Why did you decide to study in the USA?
Coming from a foreign country and realizing the opportunities in the United States that are available to one who is willing to work hard and who strives for knowledge was one of the greatest discoveries for me, which is why I decided to study in the U.S.
Why did you choose Bunker Hill Community College?
The reason I chose Bunker Hill Community College is due to its diversity, affordable tuition, as well as the easy commute and the proximity to the city. The location of the campus is very convenient in many regards and everything is located practically at one’s fingertips. You can explore the City of Boston by walking. Boston is known for being a “walkable city.” Also, the public transportation is right at Bunker Hill Community College, having its own stop on the Orange Line (subway).
What do you like best about your program?
My quest was to find a program that supported my desire to be involved in a research component, along with possibly an engineering or biology aspect and, Voila! - biotechnology was IT! The biotechnology program at Bunker Hill Community College is well advanced and offers great opportunities for mentoring and internship opportunities within the two-year associate degree program. It has exciting collaborations with pharmaceutical companies such as Merck, BioNTech, four-year colleges (Harvard, MIT, UMass, etc.) and research institutions (Dana-Farber).
What do you miss most about home?
When I think of home, I think of the Adriatic Sea. Other than that, I can say that Boston became my ‘home away from home’. Now I have the Atlantic Sea Coast!
What was your biggest surprise about U.S. life and education?
I was surprised to understand that with passion, dedication and a strong work ethic, there is no such thing as ‘big goals’ that cannot be achieved. I could not help but grow in my desire to enter into this intriguing world of the sciences and engineering.
... your biggest disappointment?
It is only sometimes that I get disappointed that a particular internship or a work opportunity is only open to U.S. citizens. Otherwise there is very little to get disappointed about. New opportunities come along very quickly.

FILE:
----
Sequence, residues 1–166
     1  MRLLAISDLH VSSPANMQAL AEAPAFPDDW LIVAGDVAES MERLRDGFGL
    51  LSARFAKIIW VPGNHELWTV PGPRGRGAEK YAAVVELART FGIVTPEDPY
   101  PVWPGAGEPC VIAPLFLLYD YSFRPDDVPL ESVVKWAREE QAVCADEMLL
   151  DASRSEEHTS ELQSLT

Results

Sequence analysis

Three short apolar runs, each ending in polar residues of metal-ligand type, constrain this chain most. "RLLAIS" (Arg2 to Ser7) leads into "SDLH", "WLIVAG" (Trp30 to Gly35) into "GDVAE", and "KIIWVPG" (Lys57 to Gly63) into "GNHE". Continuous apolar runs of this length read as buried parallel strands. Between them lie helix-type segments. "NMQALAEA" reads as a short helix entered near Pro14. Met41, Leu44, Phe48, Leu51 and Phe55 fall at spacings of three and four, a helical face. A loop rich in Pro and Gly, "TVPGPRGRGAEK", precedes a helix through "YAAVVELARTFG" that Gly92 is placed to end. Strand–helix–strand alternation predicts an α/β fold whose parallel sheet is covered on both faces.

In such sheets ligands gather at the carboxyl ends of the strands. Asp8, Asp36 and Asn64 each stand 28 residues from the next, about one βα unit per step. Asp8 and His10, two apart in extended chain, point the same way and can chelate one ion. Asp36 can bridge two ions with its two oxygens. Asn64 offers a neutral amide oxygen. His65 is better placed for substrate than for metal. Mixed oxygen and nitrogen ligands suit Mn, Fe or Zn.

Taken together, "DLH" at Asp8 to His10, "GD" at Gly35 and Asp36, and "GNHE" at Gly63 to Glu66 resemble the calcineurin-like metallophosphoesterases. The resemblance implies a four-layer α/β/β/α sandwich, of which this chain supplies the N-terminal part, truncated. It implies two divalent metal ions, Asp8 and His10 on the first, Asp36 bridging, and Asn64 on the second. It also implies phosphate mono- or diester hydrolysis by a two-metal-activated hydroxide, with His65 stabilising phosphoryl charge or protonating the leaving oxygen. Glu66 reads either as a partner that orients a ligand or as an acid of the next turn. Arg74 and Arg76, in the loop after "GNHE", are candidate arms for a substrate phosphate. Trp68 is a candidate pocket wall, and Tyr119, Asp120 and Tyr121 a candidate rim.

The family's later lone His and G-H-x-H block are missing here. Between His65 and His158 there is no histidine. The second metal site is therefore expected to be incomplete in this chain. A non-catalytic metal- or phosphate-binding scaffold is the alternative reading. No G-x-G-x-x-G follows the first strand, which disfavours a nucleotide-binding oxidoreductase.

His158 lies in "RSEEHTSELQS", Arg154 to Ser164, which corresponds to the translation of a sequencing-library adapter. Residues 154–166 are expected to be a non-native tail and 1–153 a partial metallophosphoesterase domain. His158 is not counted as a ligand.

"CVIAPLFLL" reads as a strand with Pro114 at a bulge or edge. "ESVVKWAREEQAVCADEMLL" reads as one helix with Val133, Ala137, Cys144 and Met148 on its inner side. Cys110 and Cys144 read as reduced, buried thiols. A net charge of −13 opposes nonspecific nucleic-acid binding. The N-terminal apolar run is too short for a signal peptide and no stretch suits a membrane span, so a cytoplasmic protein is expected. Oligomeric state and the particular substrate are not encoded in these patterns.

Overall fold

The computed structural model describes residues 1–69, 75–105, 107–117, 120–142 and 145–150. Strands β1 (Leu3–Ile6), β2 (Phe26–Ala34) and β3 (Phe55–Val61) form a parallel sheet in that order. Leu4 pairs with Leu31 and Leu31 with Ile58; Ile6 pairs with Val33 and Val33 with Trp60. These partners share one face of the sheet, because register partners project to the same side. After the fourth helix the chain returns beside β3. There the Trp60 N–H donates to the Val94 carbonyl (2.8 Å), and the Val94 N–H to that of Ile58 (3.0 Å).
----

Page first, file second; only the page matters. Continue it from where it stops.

How have you handled:
... language differences?
For me personally, I rarely felt that the language difference would present an obstacle due to the fact that I speak several languages fluently. Of course, I do have a ‘bad day’ occasionally when I mispronounce a few words.
Handling finances is a hefty task but nothing that cannot be done. At times it can represent a challenge. The International Student Center is of great help when it comes to this obstacle. One can present a complex scenario, but there will be an answer. The staff at BHCC work very hard to support the diverse population. Fortunately, family friends are of tremendous help to me personally. Without them, I would have many more questions.
... adjusting to a different educational system?
At the very beginning, the difference in the educational system seemed rather massive. Understandably, I had many questions that were always answered by the International Student Office, and the Advising Center provided me with excellent feedback and great advice on potential issues. With all that help and time, it was easy to adjust.
What are your activities?
Apart from the course work and studying, I keep myself busy nourishing friendships, spending time outdoors, painting, knitting, and repairing just about anything. It is rarely that I am bored because I find figuring out problems to be my relaxation.
How easy or difficult is making friends in the USA?
When it comes to making friendships in the USA, I would just say, because of the diversity and multicultural aspect, there is a match for anyone. All the people smile in the same language. I find people in Boston friendly and open-minded for the most part.
What are your career goals? How is your U.S. education relevant to your personal goals and to the needs of your country?
With boldness, I say that I will most certainly keep my goals high as I desire to achieve a Ph.D. in science in biotechnology. Although we have been using biotechnology concepts since ancient times (making of wine, beer, yeast), it is fair to say that biotechnology is a fairly new area of education. That being said, in regard to my home country, which depends on the production of wine, olive oil, cheese, etc., the U.S., especially Massachusetts, is a ‘Mecca’ of innovative technology in science, which is being used in the food and beverage industry.
What is your advice to other students from your country who are considering a U.S. education?
Be brave! Since there is only one of you in this world, go ahead and create a masterpiece. And remember, always ask questions on what seems uncertain to you on all matters. Never be afraid of failure! We learn from failure!
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